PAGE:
Although I value formats such as video tutorials and quick reference guide layouts, writing is my favorite activity. I guess I hope that, whatever the last chapter, I can focus on writing and take it to a level that I’ve never reached before. I know writing receives some of the least attention and value in our field. Compared to screencasts, illustrations, attractive quick reference guides, and XML, writing seems like something on par with a long e-mail from a least favorite relative.

So why place value in writing? The skill has become a commodity, right? Even if the cliche “anyone can write” isn’t true, that doesn’t mean the perception isn’t.

This is an issue I’ve wrestled with, and the only conclusion I come to is that “writing,” as people define it today, isn’t how I’m defining it. At its essence, writing is thinking. If the thinking has already been done, the act of articulating the thought is merely typing. When people disdain writing as a skill anyone possesses, they’re really talking about typing, or grammar and style. What I like about writing is the ability to explore ideas and to articulate them in fresh ways.

I also like writing’s ability to tell stories — stories that define and shape how we think and act. The most influential works throughout history, from literary texts to religious texts, have been nothing but words, sentences shaped into stories. They haven’t been screencasts or quick reference guides. Even art, the most probable contender, hasn’t shaped society in the same way as writing. It’s the stories and ideas — expressed through words — that matter most.

So despite the low value, despite the fact that fewer and fewer employers are placing value in it, my last chapter will involve writing.


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By Tom Johnson

I'm a technical writer working for the 41st Parameter in San Jose, California. I'm interested in topics related to technical writing, such as visual communication, API documentation, information architecture, web publishing, JavaScript, front-end design, content strategy, Jekyll, and more. Feel free to contact me with any questions.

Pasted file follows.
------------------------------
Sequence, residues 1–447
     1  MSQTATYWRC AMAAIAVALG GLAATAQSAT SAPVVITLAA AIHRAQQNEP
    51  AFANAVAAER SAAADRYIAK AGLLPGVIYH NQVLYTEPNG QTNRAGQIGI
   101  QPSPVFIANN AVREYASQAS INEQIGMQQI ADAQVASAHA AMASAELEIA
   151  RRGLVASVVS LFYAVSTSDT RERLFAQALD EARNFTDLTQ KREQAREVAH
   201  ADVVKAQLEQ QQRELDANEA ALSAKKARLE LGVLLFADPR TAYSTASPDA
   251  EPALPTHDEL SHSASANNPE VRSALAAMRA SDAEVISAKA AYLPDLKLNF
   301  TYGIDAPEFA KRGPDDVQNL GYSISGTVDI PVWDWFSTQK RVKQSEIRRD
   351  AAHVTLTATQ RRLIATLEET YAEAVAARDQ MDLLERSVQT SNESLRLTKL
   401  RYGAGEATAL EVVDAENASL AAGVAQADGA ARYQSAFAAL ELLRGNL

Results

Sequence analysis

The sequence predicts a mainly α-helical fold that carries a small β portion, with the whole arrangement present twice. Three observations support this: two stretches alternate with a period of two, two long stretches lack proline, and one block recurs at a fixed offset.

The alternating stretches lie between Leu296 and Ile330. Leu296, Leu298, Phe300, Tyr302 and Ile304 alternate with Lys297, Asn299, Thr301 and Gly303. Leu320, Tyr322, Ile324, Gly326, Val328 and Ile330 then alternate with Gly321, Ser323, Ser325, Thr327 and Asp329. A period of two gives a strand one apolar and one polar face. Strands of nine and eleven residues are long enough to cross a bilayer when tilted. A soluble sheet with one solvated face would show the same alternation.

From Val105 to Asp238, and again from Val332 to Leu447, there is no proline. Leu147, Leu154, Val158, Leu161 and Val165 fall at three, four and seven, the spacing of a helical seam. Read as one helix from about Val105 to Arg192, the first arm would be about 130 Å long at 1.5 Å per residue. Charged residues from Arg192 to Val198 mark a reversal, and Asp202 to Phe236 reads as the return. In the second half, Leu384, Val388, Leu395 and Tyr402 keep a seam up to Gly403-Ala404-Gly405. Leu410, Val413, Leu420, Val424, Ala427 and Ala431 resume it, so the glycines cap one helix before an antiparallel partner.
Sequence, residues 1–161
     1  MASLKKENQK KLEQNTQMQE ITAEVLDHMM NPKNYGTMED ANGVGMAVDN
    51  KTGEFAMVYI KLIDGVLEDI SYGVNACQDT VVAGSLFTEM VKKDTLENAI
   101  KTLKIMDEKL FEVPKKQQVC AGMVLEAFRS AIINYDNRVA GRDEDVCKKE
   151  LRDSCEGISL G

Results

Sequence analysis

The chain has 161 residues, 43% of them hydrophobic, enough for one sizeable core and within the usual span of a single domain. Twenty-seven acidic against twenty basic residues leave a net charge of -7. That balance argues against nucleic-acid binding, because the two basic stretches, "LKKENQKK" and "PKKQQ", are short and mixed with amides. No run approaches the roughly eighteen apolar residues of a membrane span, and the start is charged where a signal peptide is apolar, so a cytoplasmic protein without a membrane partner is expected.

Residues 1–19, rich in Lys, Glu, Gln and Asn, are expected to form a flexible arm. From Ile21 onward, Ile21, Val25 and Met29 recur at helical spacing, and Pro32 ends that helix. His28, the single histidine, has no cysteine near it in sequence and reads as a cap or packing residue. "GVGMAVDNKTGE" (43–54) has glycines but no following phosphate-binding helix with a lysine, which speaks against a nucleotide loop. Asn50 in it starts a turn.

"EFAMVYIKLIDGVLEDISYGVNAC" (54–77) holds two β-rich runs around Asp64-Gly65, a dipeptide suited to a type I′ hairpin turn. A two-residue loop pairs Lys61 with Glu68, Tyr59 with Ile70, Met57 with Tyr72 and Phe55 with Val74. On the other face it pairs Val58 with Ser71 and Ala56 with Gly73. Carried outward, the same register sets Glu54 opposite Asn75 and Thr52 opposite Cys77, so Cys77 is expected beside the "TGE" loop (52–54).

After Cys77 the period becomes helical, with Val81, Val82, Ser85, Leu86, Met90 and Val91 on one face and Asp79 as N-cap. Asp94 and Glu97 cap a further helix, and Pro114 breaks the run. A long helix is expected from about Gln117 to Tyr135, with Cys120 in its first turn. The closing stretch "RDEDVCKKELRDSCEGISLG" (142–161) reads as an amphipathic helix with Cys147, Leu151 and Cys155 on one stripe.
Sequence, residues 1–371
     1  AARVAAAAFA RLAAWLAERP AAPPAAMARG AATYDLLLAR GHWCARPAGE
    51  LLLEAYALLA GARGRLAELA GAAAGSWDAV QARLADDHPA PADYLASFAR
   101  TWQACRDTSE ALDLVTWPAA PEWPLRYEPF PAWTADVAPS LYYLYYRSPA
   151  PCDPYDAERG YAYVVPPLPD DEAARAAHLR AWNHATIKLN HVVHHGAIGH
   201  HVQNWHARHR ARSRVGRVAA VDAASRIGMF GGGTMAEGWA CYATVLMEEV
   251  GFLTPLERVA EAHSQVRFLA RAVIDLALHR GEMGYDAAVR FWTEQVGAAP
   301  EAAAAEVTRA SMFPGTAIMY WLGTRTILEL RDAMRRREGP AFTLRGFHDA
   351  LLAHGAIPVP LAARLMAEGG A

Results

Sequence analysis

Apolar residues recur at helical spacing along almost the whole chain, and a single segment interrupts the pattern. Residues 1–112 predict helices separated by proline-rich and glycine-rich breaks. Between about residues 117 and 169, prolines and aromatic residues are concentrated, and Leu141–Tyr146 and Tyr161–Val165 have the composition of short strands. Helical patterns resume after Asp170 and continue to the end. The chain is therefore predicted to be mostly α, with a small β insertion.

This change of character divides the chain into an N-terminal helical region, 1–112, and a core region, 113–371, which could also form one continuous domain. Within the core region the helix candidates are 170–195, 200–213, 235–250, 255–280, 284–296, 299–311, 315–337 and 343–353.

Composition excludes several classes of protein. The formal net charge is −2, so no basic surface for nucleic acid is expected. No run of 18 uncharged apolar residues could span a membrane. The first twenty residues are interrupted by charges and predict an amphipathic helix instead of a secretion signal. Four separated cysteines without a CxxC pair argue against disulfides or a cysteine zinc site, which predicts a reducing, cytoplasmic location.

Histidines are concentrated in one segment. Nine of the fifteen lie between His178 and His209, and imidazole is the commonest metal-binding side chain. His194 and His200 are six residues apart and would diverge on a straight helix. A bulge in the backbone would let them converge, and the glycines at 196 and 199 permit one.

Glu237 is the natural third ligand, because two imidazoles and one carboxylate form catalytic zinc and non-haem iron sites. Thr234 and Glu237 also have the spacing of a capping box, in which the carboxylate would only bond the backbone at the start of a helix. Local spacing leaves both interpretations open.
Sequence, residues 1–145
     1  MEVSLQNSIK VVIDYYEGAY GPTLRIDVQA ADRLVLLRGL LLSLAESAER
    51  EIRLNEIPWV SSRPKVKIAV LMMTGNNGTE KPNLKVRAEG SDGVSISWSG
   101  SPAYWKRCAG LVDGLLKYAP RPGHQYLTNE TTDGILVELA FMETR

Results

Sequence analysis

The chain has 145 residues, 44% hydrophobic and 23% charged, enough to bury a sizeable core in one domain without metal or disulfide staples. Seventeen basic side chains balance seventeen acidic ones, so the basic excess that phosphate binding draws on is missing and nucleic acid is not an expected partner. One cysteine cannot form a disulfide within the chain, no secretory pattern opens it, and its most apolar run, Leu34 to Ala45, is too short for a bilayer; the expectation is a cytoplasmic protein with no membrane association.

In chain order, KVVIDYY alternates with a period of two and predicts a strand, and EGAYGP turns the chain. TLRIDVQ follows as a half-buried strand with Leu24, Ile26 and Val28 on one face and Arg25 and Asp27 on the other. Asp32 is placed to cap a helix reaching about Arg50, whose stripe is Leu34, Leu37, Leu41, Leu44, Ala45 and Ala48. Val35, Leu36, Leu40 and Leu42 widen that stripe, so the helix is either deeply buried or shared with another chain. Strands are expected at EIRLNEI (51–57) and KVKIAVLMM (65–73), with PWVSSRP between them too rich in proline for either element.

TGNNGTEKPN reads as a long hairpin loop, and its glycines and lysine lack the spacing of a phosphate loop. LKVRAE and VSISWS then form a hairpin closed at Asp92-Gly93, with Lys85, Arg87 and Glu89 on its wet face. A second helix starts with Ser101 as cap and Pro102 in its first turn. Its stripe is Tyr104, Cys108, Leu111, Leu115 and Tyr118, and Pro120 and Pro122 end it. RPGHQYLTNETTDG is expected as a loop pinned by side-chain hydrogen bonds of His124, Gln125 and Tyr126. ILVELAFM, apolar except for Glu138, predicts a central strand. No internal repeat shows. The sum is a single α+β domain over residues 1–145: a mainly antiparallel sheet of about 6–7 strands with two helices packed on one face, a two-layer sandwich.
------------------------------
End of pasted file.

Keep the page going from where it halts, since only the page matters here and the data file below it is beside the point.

• http://www.pattyblount.com Patty Blount

    Great post, Tom! I hope you get to see your dream come true… Scenario 6? Nah… I’d miss you. I hope you find a way to balance tech writing and fiction writing. I love them both and couldn’t possibly choose.

    FYI, I can’t write a novel until I know the ending. I must have a vision of the story’s ending in mind or I write myself into corners where escape is only possible by throwing out every word and starting over. I also outline my novels… I believe that’s a tech writing thing. I’m used to writing to a plan so it works for me.

    I loved the point you made that when people say ‘everyone can write,’ they mean the nuts and bolts stuff. That’s been a thorn in my side for most of my career… that disdain that what I do ain’t so special. I feel I must continually justify my existence when the truth is, very few people can deliver a high quality piece of technical information. Maybe I’m biased, but when I see the content non-writers produce, I want to cry. My favorite argument? It’s vs. its. “But Microsoft Word squiggled it!” *sighs*

    Technological advances only compound the situation – not only does everyone think they can write, everyone now has the tools to do so.

    • http://idratherbewriting.com Tom Johnson

      Patty, I’m glad to read your comments, knowing that you’re into both fiction and technical writing.

      You wrote, “I hope you find a way to balance tech writing and fiction writing.” This past week I was trying to figure out this balance. Then I realized that my dilemma was somewhat ridiculous. If we look at the Renaissance artists, they balanced about half a dozen different talents — painting, sculpture, architecture, astronomy, mathematics, and more. Fiction and technical writing are just two different types of writing — the medium is still the same.

      My goal is to write — choosing whatever format I’m in the mood for. When the novel gets boring, I switch to the blog. When the blog gets boring, I switch to the novel. Maybe this is an easy way to procrastinate hurdles and other roadblocks, but I think it’s completely feasible to do both technical writing and fiction writing.

      By the way, have you published any of your books?

  • http://www.sdicorp.com/Resources/Blog/articleType/AuthorView/authorID/24/lkunz.aspx Larry Kunz

    I love the way your mind works, Tom: going from writing the last chapter of a novel to writing the last chapter of your professional career. After you laid out the six scenarios, however, I sensed that you felt something was missing. That “something” might be the feeling of satisfaction that we all want to have when we look back on our careers.